Here’s where we share all the cool projects we’ve come across. Ones that inspire, surprise and touch the heart. In all these ways we see how artists open new avenues for change. Click on the categories below to browse our directory of projects. Enjoy!

5 Recent Things

Within Invisibility

Artist Jiayu Liu uses wind data from 40 Chinese cities to power a poetic installation that seeks to test the boundaries of data representation at the same time connecting us to a powerful force of nature. An innovative use of city data, we’re excited by what the work of this RCA graduate might bring to the realisation of more sensitive and sustainable urban environments.

Brickets

Could it take a a synthetic representation of nature to jolt us back into re-appreciating its beauty and our reliance upon it? That’s one the questions Pierre Proske is seeking to explore with his Brickets. So named for their chirping sounds and brickish size, the Brickets reinterpret data from local environmental sources such as the nearest home’s water usage, into animal like calls, which rise and ebb in response to one another, much like a synthesised colony of frogs, cicadas or crickets.

KiloWatt Hours

KiloWatt Hours, by Sydney based artist Tega Brain, uses lasers to inscribe in space the fluctuations of energy used by the surrounding building over time.  KiloWatt Hours thus converts energy meter data into the readable form of an ‘energy clock.’, and the audience is prompted to consider the invisible consumption of energy in everyday life. Over time the laser light fades, and KiloWatt Hours forgets itself, in the same way we let our own energy use slip from memory.

Measuring Cup

A simple representation of Sydney’s climate data, Mitchell Whitelaw’s Measuring Cup makes it possible to hold the past 150 years of temperature information in the palm of your hand. Generated and printed using 3D technology, Measuring Cup uses temperature averages, like the rings of a tree, only stacked vertically. The result is delicate and beautiful, like the climate it represents, and it raises the question ‘what shape will it take in 10, 20 or 50 years?’

Newsmotion

Modelled on any other health clinic, Natalie Jeremijenko’s NYU xClinic prescribes treatments for your environmental aches and pains. Newsmotion is a prototype for a roaming bulletin board which can be retro-fitted to your bike wheels, and delivers data to those around you based on where you are. For instance, onlookers might be made aware of pedestrian and cyclist fatality statistics for the very corner they’re standing on, thereby bringing the data to life.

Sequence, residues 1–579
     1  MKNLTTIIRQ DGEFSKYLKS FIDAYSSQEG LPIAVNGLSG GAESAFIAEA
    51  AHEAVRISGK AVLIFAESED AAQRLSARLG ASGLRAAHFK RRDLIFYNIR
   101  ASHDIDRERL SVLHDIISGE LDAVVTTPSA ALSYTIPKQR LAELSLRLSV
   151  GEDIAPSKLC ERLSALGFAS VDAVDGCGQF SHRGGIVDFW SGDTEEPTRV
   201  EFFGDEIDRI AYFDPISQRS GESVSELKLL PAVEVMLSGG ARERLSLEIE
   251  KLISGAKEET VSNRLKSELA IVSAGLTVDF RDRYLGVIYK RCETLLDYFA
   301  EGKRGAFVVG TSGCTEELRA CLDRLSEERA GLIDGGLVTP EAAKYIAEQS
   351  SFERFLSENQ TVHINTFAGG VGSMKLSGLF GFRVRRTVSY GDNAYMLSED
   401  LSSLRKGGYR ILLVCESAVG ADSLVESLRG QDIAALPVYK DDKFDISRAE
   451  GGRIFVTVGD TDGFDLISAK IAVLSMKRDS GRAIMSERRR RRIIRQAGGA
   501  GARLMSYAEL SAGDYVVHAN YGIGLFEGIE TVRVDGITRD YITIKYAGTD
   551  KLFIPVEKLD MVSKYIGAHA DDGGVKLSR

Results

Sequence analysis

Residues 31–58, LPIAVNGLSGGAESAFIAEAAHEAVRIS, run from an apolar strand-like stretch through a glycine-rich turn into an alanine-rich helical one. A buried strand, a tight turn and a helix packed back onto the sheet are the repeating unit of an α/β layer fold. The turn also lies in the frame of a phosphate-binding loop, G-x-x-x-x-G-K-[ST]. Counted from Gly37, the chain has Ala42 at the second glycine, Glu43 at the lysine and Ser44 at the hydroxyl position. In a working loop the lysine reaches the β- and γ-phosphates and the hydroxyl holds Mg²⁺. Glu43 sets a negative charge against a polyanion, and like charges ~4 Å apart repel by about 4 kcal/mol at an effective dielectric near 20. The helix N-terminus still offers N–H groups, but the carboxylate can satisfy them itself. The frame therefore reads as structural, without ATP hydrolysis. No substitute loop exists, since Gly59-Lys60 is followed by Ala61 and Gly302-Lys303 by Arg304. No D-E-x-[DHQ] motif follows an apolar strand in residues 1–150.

5 Random Things

Hyperion - Son of Uranus

Greenmeme’s Hyperion-Son of Uranus is a sculptural visualisation of the sewerage infrastructure of LA county, represented as a time-stamp in 2009. Commissioned for the new Environmental Learning Center for the Hyperion Wastewater Treatment plant, the grid-like structure bulges where pipes are largest creating a unique topography from volumetric data. Fashioned from recycled street signs collected from CalTrans over 3 years, Hyperion flashes green and silver as light hits the surface, a reminder of the multiple layers of infrastructure both visible and hidden.

Julie's Bicycle

Julie’s Bicycle was created almost three years ago by a cross section of people from across the music industry who felt strongly about the need for concerted action to improve the environmental impact of the music business. We are a not for profit company with a small staff and a board made up of senior figures from the music industry.” – ony Wadsworth, Julie’s Bicycle Chair and BPI Chairman.

Julie’s bicycle has achieved much in assisting the music, and now the theatre, industry to address their own carbon footprint and leverage their role to reach out to the broader community to affect change.

Sculpt the Future

Founded in 2006 by David de Rothschild, Sculpt the Future Foundation‘s aim is to promote positive environmental change towards global sustainability by supporting creative, innovative and sustainable action. Through the Foundation David runs Adventure Ecology which takes expeditions of scientists, artists and young people to polluted areas of the globe to inspire change. The most recent, Plastiki, took a catamaran from San Francisco to Sydney to tackle the issue of plastic waste in the ocean. A highly awarded and inspiring social entrepreneur, David de Rothschild is on a mission to create a Planet 2.0 model for acting and living.

Edible Estates

American artist Fritz Haeg is leading a project which aims to encourage families and other housing groups to replace the ubiquitous front lawn with edible front gardens. Each garden responds to its specific location and conditions, with a view to promoting ‘a more productive use of the land between our homes and the street, and a closer relationship with neighbours, our food, and the natural environment.’ While most of the prototype gardens are in the United States, Edible Estates are cropping up (pardon the pun) in parts of Europe as well, however, the artist considers it a global project and the website is full of information on how we can all nurture our own food bowl.

Fish Bellies

A new interactive sculpture at the Texas State University Campus aims to draw comparisons between it’s students and it’s local river life. Representative of a school of fish, visitors can interact with Fish Bellies by climbing on it and influencing its colour changes. It’s creators, JB Public Art, hope that by drawing comparisons between the social behaviour of fish and of students, the latter can become curious and engaged in the ecology and biology specific to their campus.